If you have a local farmers' market, use it to your advantage. Go early for the best selection. Make an initial walk-through to see what catches your eye, and then let the ingredients create your menu, in the most spontaneous sense. You'll find varieties of vegetables not available in a traditional supermarket, grown for their flavor and not for their ability to be shipped long distances. There is an extraordinary immediacy to food that is grown and picked for you, an opportunity to interact with the farmer that integrates you into the process of bringing the food to the table. Once you employ this approach in your shopping, you'll find you have greater command of your meal planning. Purchasing based on the quality and appeal of the ingredients will yield more gratifying end results and a more natural, satisfying style of cooking.
We cannot overemphasize the importance of using the finest ingredients available to you. Sometimes the difference between a home rendering of a restaurant's recipe and the professional's version is not in the skill of the cook but in the quality of the ingredients. We spend a great deal of time securing the food upon which our menu is based. Just as we have worked to develop ongoing relationships with all our suppliers, you should get to know your local butcher, wine purveyor, fishmonger, and cheese specialist as well. In restaurant lingo, if you are a regular customer, they will "hook you up"--meaning you'll be more likely to receive a superior product, good advice, and excellent service. OTHER CONTENT:A recipe from Chapter 6. Desserts®MDNM¯
The Chef's Favorite Lemon Tart
Makes 1 10 1/2-inch tart; serves 8 to 12
The chef's favorite lemon tart is a somewhat sophisticated take on Southern-style lemon chess pie. This simple tart really is one of Ben's favorite desserts and has been a standard in Karen's repertoire for close to 20 years.
We most often serve this with a mixture of seasonal berries and lightly whipped cream. You can substitute a simple raspberry sauce made from frozen raspberries if it is not fresh berry season.
Ingredients for the Tart Shell
1 1/4 cups + 2 tablespoons flour 1 tablespoon + 1 teaspoon sugar
1/8 teaspoon salt
8 tablespoons cold unsalted butter, cut into small pieces
1 large egg yolk, beaten with 1 tablespoon milk
1 egg white, lightly beaten, reserved for baking
Ingredients for the Filling
1 1/2 cups sugar
1/2 cup orange juice
1/2 cup lemon juice
zest of 1 lemon, grated
zest of 1 orange, grated
1/4 cup heavy cream
Ingredients for Service
Preparation for the Tart Shell
1. In a food processor, pulse together the flour, sugar, and salt. Add the butter and pulse until the mixture resembles coarse meal. Add the egg yolk mixture and pulse just until the dough can be gathered into a ball. Flatten into a 6-inch disc, wrap in plastic, and chill several hours or overnight. Let the dough soften slightly at room temperature before rolling.
2. Preheat oven to 350 degrees. On a lightly floured surface, roll the dough into a 13-inch round. Fit the dough into a 10 1/2-inch tart pan with a removable bottom. Trim the dough flush with the rim and freeze the tart shell until firm.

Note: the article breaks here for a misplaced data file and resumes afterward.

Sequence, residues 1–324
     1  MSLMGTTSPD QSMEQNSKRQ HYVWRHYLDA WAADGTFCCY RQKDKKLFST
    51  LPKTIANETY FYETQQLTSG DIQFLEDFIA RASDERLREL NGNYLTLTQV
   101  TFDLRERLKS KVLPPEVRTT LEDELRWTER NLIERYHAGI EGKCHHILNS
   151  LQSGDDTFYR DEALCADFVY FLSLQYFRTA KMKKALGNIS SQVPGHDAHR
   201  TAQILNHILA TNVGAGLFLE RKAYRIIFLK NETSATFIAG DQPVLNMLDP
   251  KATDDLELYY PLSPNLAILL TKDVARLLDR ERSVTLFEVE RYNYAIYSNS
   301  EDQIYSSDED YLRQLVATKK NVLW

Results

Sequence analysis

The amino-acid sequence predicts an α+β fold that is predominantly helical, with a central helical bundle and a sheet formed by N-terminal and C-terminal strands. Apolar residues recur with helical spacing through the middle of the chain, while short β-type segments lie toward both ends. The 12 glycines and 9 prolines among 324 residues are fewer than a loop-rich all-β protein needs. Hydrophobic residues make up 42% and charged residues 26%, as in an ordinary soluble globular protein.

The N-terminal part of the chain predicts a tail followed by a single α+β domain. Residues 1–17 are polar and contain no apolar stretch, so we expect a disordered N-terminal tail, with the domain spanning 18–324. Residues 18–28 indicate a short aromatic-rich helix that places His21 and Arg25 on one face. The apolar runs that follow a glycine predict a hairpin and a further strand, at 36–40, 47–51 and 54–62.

3. Line the shell with foil or parchment, and fill with pie weights, rice, or dried beans. Bake for 20 minutes until set. Remove the foil and weights and bake an additional 10 to 15 minutes until lightly golden. Remove the shell from the oven and immediately brush the hot pastry with the egg white.
Hint: When rolling tart pastry, always save all the dough scraps in case you need them to repair a crack in a partially baked shell. If the pastry "bubbles up" during the baking process, gently prick the pastry with a fork to release air bubbles. Check several times and repeat if necessary. The egg white serves to seal the pastry, which is especially helpful with a liquid filling such as this. It is essential that there be no cracks or holes visible in the partially baked shell. Make any necessary repairs prior to filling.
Preparation for the Tart
1. When the pastry is almost done baking, assemble the filling. Whisk together the eggs, sugar, orange juice, lemon juice, lemon zest, and orange zest and cream till smooth. Transfer the tart shell to the oven. Place the filling in a pitcher and slowly pour into the shell as high as possible without overfilling. There might be a bit of filling left over.
2. Bake the tart for approximately 25 minutes, until the filling is barely set. Check the tart after 20 minutes and keep checking it every few minutes after that. It is crucial to not overbake this filling!
3. Cool to room temperature before serving with berries and whipped cream.
1. Tar Heel Tapas, Dixie Delights, and a Few Cocktails
5. Side Dishes, Relishes, and Breads
7. Pantry Basics
Posted January 14, 2001
This Book tells it all! It's about time we got a chef who is not afraid to put '140' cloves of garlic in the turkey and baste that thing with duck fat. It's also time Ben won James Beard.Was this review helpful? Yes NoThank you for your feedback. Report this reviewThank you, this review has been flagged.
Posted October 12, 2000
this book protrudes the essence of culinary ingeneosity. It also warms the heart with dishes like the grits casserole. Many people will enjoy this book and few will not. It a must owner for some parts of the culinary field.Was this review helpful? Yes NoThank you for your feedback. Report this reviewThank you, this review has been flagged.